We left Potter Heigham after another coronary-inducing session raising the mast, and motored past the bungalows before getting the sails up. The Thurne is broader below the bridge and we had a pleasant sail down to Thurne Mouth and into the Bure. We reached St Bennet’s Abbey about 5, turned into Fleet Dyke and moored up.
Next morning the wind had shifted so we decided to motor up to Horning or beyond and then see if we could sail back down to Potter. The Bure was a delight, twisting and turning through lines of trees. To begin with the traffic was relatively light. But of course this was a bank holiday weekend and it didn’t last. At Horning Ferry we began to get a glimpse of what we were in for and at Horning itself we turned round, left the pubs advertising amusement arcades and quad bikes, the day boats and hire cruisers, and made a break for the peaceful stretch of the Bure we’d just abandoned. Of course by now it wasn’t nearly so peaceful.
Sailing was interesting. The twisting river course and the banks of trees kept us guessing but we made it to Thurne Mouth without too much difficulty. Our problems started when we turned into the Thurne. From this point we were tacking – not very efficiently, it must be said. Nevertheless we managed to keep going. I think on an empty river I might have got away with it, but we were faced with a steady stream of cruisers moving in both directions. It was only a matter of time before we lost momentum on the wrong side of the river, and sure enough on the last bend before the river would have put the wind astern to take us into Potter Heigham we were stranded in the reeds on a lee shore. Fortunately we knew what to do in this situation – haul down the sails and get the kettle on.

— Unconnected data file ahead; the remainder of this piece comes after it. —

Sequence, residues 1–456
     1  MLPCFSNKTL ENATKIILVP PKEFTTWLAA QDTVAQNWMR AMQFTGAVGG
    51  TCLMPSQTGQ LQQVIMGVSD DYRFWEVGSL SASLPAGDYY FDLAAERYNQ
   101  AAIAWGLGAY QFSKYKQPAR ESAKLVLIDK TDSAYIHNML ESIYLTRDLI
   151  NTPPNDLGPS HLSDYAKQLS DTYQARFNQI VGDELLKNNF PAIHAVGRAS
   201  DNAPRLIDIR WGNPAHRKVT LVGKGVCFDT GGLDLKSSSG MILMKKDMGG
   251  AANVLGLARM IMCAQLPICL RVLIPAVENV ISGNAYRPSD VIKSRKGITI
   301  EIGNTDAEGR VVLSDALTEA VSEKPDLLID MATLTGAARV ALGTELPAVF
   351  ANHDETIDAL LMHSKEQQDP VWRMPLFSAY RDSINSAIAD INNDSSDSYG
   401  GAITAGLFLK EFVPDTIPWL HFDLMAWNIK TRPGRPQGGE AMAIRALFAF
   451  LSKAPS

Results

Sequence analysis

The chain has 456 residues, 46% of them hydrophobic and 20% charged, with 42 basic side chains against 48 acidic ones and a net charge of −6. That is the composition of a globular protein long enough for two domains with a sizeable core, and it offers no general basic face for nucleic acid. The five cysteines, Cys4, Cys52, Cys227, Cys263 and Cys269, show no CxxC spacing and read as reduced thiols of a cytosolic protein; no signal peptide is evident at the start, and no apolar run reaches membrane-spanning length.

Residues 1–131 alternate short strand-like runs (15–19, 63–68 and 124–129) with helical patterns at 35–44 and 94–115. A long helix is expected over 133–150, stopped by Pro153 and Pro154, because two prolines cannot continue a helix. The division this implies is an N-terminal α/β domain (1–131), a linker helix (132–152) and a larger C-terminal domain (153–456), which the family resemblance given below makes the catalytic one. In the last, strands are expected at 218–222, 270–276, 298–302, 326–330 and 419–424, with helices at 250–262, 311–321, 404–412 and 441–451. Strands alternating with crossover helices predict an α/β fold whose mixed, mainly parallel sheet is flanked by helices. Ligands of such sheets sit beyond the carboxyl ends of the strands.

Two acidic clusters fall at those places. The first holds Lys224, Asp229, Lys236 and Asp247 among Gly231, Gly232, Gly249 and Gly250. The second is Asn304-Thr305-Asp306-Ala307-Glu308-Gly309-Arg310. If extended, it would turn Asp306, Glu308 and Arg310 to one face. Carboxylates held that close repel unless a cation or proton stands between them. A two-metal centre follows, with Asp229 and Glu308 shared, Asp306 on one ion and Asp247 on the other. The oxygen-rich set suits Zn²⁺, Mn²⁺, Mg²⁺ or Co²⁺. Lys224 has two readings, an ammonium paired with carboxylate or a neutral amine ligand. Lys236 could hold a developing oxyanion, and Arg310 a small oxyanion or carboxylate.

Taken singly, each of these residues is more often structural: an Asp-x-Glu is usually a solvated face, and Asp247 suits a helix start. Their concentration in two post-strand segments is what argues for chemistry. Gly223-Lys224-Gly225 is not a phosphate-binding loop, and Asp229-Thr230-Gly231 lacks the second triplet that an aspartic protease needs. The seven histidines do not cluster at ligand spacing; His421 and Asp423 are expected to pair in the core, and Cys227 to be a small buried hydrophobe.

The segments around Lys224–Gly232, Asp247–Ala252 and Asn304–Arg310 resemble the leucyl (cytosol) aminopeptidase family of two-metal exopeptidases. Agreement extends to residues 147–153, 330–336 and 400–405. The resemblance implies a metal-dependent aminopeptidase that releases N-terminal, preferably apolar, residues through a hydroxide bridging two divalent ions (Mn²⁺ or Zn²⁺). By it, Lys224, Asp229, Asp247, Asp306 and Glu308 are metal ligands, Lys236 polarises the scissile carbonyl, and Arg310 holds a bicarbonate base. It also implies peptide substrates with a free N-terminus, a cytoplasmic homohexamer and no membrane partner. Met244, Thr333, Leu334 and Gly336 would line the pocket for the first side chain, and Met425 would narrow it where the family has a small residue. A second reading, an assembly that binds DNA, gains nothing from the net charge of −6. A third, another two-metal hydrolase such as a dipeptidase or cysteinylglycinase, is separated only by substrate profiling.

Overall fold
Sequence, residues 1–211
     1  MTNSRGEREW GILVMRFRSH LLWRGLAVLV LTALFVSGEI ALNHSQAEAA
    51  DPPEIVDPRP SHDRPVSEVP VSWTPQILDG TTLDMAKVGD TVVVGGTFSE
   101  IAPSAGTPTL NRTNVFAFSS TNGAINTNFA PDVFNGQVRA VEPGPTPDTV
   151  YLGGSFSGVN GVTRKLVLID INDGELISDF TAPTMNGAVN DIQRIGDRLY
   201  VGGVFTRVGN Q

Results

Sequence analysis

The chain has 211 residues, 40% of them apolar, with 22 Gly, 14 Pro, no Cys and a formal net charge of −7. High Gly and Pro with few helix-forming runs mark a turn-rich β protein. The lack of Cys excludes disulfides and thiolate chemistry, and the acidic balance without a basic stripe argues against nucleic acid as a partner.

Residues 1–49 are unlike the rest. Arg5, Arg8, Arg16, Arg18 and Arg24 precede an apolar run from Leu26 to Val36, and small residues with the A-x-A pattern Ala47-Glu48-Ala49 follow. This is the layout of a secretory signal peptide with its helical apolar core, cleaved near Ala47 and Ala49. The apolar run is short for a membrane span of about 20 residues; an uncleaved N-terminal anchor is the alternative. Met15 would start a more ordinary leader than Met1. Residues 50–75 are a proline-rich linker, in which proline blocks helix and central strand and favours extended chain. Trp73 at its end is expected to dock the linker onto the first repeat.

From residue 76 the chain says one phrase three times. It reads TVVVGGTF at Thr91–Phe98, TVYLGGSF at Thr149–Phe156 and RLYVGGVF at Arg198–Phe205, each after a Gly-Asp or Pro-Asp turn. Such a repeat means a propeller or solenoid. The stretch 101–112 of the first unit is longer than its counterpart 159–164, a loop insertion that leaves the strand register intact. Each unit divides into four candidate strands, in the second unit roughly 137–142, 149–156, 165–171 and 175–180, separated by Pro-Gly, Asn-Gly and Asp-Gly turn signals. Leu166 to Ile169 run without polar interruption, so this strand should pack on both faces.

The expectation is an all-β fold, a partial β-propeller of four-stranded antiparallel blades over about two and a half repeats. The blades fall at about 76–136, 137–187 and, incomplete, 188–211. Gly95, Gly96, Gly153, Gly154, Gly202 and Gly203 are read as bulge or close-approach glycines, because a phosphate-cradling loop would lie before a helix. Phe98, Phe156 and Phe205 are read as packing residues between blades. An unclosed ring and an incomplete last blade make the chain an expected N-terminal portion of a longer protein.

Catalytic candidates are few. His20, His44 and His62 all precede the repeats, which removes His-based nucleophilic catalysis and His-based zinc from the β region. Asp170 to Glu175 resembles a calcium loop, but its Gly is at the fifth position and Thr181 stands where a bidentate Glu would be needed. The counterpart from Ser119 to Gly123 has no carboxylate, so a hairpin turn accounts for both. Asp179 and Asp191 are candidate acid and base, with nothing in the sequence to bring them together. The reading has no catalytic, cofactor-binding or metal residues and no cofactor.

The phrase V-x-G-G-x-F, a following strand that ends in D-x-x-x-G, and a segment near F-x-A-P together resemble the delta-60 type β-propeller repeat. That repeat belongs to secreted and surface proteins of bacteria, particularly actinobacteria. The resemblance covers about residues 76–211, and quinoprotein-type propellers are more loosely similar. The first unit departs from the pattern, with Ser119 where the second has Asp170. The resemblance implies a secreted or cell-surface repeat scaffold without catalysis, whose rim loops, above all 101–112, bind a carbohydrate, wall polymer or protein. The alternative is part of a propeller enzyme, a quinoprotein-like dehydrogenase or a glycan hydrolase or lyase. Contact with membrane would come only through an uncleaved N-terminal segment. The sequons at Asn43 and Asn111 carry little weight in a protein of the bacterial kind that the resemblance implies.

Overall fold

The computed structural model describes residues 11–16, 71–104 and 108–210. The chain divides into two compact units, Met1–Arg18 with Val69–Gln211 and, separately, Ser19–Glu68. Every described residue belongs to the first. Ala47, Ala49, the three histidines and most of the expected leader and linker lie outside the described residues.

I was sitting below quietly telling myself not to worry because Gypsy Roma was obviously a little less agile than the broads sailing boats when the sky darkened, the water was sucked from under us and what looked like a block of flats passed the port side windows. It was Albion, 23 tons and 1200 square feet of magnificent black sail.In comparison we were a racing dinghy. So I gave up on the excuses, pardoned Gypsy Roma and settled on the usual incompetence as the best explanation for our latest cock-up.
Back at Potter Heigham we slipped under the bridge without any undue drama and once more tackled the mast. It’s clear we need a rethink here. With the mast half way up, and every muscle screaming in protest it struck me I could die doing this. Which would be a shame. So the search is on for an alternative method. I’ve already had an email from a Gypsy owner outlining some clever tackle that might do the job. Lying on the bank checking my heartrate, and waiting for the stars to clear I decided it might be a good plan to follow this up.